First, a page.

Vanderheyden M, Bartunek J, Goethals M, Verstreken S, Lambeir AM, De Meester I, Scharpé S: Dipeptidyl-peptidase IV and B-type natriuretic peptide. From bench to bedside. Clin Chem Lab Med. 2009, 47: 248-252.

    CAS  Article  PubMed  Google Scholar 

  35. 35.

    Flock G, Baggio LL, Longuet C, Drucker DJ: Incretin receptors for glucagon-like peptide 1 and glucose-dependent insulinotropic polypeptide are essential for the sustained metabolic actions of vildagliptin in mice. Diabetes. 2007, 56: 3006-3013. 10.2337/db07-0697.

    CAS  Article  PubMed  Google Scholar 

  36. 36.

    Qin X, Shen H, Liu M, Yang Q, Zheng S, Sabo M, D'Alessio DA, Tso P: GLP-1 reduces intestinal lymph flow, triglyceride absorption, and apolipoprotein production in rats. Am J Physiol Gastrointest Liver Physiol. 2005, 288: G943-G949. 10.1152/ajpgi.00303.2004.

    CAS  Article  PubMed  Google Scholar 

  37. 37.

    Tesauro M, Schinzari F, Adamo A, Rovella V, Martini F, Mores N, Barini A, Pitocco D, Ghirlanda G, Lauro D, Campia U, Cardillo C: Effects of GLP-1 on forearm vasodilator function and glucose disposal during hyperinsulinemia in the metabolic syndrome. Diabetes Care. 2013, 36: 683-689. 10.2337/dc12-0763.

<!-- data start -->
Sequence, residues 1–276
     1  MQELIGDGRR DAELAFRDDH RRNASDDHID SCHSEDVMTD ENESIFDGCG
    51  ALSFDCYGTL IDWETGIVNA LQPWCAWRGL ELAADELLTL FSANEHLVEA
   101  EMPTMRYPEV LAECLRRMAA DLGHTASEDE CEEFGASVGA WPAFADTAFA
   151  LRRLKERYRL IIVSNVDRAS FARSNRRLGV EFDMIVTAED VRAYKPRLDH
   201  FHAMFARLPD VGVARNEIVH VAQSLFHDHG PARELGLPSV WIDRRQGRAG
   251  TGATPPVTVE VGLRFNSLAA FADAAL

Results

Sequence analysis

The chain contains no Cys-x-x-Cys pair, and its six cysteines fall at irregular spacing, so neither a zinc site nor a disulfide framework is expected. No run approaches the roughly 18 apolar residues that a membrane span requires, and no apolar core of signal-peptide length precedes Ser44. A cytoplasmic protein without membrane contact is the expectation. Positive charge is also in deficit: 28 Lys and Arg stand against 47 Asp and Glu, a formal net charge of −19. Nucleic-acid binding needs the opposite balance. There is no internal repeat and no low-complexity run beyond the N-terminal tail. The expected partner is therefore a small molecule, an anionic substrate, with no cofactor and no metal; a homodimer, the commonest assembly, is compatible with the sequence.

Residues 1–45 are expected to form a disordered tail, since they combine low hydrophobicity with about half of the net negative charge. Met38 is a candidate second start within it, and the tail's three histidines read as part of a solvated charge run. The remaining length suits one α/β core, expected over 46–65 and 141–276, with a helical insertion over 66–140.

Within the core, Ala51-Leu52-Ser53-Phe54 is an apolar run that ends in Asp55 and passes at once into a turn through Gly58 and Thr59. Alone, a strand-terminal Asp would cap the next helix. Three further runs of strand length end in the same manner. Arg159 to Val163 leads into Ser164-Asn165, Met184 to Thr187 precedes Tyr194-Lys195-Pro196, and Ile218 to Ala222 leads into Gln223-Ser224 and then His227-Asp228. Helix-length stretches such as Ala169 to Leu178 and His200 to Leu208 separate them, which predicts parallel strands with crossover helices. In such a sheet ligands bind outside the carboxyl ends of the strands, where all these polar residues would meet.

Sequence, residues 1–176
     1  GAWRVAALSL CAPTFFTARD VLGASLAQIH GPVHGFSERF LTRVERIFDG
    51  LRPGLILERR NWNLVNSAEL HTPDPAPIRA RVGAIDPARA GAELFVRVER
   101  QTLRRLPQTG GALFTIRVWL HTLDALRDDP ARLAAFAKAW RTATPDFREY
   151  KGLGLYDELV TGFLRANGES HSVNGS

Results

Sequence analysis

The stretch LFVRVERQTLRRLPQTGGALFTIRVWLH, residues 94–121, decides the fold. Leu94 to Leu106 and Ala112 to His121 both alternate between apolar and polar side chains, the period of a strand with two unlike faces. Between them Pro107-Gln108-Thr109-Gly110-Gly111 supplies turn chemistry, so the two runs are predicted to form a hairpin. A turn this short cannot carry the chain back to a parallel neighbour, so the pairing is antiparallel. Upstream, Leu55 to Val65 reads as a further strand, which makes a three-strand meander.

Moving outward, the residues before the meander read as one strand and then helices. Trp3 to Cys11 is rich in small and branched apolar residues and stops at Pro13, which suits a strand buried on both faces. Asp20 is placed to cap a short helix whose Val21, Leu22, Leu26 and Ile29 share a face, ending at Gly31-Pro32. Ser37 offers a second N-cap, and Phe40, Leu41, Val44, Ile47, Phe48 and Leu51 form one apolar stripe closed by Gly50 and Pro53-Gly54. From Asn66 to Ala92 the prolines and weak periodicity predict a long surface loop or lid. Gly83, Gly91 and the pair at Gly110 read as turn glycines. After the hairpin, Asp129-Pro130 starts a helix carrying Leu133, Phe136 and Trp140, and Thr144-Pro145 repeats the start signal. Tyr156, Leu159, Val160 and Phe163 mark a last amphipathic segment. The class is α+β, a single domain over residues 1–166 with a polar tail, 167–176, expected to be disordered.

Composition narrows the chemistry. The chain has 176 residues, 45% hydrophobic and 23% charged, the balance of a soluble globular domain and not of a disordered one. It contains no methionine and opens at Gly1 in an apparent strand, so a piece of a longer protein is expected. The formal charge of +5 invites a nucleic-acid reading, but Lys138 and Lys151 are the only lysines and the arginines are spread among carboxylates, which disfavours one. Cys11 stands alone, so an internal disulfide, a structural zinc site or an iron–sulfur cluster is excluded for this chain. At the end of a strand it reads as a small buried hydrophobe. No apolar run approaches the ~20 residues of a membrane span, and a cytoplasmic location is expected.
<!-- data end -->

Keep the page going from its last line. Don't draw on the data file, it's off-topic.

PubMed Central  CAS  Article  PubMed  Google Scholar 

  38. 38.

    Kelly AS, Bergenstal RM, Gonzalez-Campoy JM, Bank AJ, Katz H: Effects of exenatide vs. metformin on endothelial function in obese patients with pre-diabetes: a randomized trial. Cardiovasc Diabetol. 2012, 11: 64-10.1186/1475-2840-11-64.

    PubMed Central  CAS  Article  PubMed  Google Scholar 

  39. 39.

    Hopkins ND, Cuthbertson DJ, Kemp GJ, Pugh C, Green DJ, Cable NT, Jones H: Effects of 6 months glucagon-like peptide-1 receptor agonist treatment on endothelial function in type 2 diabetes mellitus patients. Diabetes Obes Metab. 2013, 15: 770-773. 10.1111/dom.12089.

    CAS  Article  PubMed  Google Scholar 

  40. 40.